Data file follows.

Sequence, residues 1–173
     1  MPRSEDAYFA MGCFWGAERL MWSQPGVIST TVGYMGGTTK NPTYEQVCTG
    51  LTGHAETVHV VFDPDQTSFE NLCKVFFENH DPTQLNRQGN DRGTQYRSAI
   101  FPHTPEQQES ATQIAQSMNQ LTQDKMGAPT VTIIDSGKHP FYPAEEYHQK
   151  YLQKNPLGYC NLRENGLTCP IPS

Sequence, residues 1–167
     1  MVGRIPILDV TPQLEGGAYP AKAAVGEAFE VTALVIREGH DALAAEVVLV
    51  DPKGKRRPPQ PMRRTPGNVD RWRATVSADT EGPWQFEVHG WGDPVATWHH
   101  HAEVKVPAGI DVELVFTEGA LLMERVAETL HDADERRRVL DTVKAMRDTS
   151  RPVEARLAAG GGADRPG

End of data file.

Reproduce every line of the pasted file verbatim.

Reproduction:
Sequence, residues 1–173
     1  MPRSEDAYFA MGCFWGAERL MWSQPGVIST TVGYMGGTTK NPTYEQVCTG
    51  LTGHAETVHV VFDPDQTSFE NLCKVFFENH DPTQLNRQGN DRGTQYRSAI
   101  FPHTPEQQES ATQIAQSMNQ LTQDKMGAPT VTIIDSGKHP FYPAEEYHQK
   151  YLQKNPLGYC NLRENGLTCP IPS

Sequence, residues 1–167
     1  MVGRIPILDV TPQLEGGAYP AKAAVGEAFE VTALVIREGH DALAAEVVLV
    51  DPKGKRRPPQ PMRRTPGNVD RWRATVSADT EGPWQFEVHG WGDPVATWHH
   101  HAEVKVPAGI DVELVFTEGA LLMERVAETL HDADERRRVL DTVKAMRDTS
   151  RPVEARLAAG GGADRPG